While several dozen clinical trials involving various forms of stem cell therapies are under way or have been announced around the world, few have included adult stem cells found in fat tissue.
Williams has said that universities and research groups have been slow to move forward because research funding tends to steer toward new drug therapies. He said that he is up front with his patients, telling them that results cannot be predicted.
“This new technique of InVivo reprogramming shows great promise for possibly repairing or regenerating nerve cells,“ Williams said in a written statement. “That means it may open up opportunities for treating several neural conditions such as spinal cord injury, stroke, Parkinson’s and Alzheimer’s disease.”
Williams said the new technique has been shown to help increase the number of neural stem cells that are transferred back into a patient.
“We are hopeful this will indeed help us heal or regrow nerve cells,” Williams said. “However, it is still too soon to really know.”
By Eleanor Bradford
BBC Scotland Health Correspondent
The first patients to take part in a clinical trial of a stem cell treatment for stroke have seen reductions in their disability, according to doctors.
Six patients in the west of Scotland had human stem cells inserted close to the damaged part of their brain.
After receiving the treatment, they saw improvements in the limb weakness they suffered as a result of their stroke.
Howeve, doctors have cautioned against reading too much into the early results of the clinical trial.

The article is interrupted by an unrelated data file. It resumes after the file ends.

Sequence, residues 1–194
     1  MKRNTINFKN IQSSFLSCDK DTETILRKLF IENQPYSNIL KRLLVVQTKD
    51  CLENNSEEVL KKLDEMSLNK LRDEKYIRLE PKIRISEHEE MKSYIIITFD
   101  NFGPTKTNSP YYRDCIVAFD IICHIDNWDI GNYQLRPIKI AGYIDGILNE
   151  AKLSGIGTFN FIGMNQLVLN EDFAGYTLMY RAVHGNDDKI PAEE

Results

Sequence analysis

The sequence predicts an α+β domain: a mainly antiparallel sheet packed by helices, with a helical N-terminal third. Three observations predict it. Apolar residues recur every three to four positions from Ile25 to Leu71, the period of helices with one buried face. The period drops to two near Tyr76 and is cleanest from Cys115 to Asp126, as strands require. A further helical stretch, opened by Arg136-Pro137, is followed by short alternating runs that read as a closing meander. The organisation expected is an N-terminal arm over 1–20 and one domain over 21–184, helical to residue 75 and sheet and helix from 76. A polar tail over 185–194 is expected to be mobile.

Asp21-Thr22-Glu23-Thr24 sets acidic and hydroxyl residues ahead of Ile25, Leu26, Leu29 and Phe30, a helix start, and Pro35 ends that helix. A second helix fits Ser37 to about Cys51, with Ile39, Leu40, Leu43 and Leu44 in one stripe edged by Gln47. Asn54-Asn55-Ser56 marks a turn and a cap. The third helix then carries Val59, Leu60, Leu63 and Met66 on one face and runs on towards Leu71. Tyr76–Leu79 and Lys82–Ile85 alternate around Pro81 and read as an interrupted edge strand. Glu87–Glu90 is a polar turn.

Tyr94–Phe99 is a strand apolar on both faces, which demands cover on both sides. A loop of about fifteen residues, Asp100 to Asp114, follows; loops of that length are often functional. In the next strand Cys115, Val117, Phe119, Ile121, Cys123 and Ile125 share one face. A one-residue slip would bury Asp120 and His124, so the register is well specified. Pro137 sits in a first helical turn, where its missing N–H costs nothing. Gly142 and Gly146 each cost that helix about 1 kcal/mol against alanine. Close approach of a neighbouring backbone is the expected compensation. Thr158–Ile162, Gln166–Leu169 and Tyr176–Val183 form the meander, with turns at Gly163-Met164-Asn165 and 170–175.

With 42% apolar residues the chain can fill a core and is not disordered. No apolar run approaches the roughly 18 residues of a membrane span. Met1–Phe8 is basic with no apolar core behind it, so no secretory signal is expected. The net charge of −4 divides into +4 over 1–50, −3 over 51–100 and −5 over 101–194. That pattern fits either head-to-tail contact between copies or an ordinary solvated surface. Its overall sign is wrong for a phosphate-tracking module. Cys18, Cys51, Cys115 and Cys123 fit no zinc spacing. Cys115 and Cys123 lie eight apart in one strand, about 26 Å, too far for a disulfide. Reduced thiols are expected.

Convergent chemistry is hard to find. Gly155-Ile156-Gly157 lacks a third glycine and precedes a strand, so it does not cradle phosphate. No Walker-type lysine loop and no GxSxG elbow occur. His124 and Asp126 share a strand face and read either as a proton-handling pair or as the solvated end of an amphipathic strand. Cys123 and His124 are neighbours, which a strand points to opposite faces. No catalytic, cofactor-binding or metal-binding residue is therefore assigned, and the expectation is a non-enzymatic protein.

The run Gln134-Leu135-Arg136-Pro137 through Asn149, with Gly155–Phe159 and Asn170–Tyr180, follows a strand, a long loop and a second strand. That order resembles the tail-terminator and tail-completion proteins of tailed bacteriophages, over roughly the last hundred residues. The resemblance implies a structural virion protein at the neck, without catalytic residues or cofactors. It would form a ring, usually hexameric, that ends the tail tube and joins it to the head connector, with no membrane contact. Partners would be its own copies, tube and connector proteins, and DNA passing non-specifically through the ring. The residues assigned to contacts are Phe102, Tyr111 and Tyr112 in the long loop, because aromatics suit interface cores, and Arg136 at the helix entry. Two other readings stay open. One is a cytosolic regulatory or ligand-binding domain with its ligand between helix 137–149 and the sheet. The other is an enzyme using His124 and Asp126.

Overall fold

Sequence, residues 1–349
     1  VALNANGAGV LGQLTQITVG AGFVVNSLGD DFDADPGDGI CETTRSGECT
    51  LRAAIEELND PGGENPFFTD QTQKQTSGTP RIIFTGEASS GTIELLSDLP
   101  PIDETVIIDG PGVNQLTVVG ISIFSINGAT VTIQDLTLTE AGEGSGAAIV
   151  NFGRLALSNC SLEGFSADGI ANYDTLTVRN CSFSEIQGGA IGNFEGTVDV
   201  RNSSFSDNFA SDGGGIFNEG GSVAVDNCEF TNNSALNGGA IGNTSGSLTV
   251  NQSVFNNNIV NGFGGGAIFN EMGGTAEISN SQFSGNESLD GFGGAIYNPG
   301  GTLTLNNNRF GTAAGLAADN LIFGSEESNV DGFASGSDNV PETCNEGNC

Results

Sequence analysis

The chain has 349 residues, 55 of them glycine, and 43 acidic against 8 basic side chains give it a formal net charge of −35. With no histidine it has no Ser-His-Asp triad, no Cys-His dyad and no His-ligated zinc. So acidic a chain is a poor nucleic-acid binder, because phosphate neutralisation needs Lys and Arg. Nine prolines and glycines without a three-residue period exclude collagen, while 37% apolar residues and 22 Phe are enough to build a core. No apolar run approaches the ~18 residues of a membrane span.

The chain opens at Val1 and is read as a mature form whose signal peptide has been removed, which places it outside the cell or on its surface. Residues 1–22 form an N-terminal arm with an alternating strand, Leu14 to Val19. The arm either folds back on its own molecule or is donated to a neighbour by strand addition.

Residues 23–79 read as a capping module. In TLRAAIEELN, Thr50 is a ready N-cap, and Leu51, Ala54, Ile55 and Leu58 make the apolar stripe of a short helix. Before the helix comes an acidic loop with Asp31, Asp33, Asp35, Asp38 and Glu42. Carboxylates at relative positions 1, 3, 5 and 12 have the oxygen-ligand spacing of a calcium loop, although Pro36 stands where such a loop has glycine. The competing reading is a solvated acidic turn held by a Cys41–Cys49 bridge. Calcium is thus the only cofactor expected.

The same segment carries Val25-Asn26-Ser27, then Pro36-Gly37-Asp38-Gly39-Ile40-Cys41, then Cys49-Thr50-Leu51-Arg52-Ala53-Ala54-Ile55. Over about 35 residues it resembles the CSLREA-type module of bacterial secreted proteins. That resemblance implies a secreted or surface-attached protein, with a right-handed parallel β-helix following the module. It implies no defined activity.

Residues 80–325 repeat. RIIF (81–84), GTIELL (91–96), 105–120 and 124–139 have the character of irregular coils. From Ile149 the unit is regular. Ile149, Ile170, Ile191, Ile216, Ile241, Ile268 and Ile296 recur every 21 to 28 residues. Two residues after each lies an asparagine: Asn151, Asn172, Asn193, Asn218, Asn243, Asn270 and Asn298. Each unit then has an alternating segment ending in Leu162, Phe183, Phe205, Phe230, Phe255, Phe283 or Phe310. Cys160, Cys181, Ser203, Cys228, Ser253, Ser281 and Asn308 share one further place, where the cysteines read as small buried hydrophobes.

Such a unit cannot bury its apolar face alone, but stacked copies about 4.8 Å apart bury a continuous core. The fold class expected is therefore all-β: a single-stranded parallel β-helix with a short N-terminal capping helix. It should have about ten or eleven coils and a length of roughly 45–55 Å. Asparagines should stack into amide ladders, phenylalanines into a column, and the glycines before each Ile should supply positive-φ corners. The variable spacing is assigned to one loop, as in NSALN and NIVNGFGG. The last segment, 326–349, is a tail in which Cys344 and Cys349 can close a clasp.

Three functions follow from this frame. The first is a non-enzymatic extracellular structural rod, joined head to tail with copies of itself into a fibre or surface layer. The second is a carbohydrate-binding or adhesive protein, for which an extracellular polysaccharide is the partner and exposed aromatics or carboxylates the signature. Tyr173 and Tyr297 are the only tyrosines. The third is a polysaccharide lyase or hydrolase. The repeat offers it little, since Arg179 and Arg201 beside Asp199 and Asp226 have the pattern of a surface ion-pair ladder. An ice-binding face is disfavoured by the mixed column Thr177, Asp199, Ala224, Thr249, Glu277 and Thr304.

It is the world's first trial of a neural stem cell therapy for stroke.
Stroke is the third largest cause of death and the single largest cause of adult disability in the developed world.
The trial is being conducted at the Institute of Neurological Sciences at the Southern General Hospital in Glasgow, and is being led by Glasgow University neurologist Professor Keith Muir.
He said: "So far we've seen no evidence of any harmful effects. We're dealing with a group of people a long time after a stroke with significant disability and we don't really expect these patients to show any change over time.
"So it's interesting to see that in all the patients so far they have improved slightly over the course of their involvement in the study."
Patients had human stem cells inserted near the damaged part of the brain
Professor Keith Muir was intrigued by the results
All six patients suffered a stroke six months to five years before they were recruited to the trial, and all had been left with limb weakness.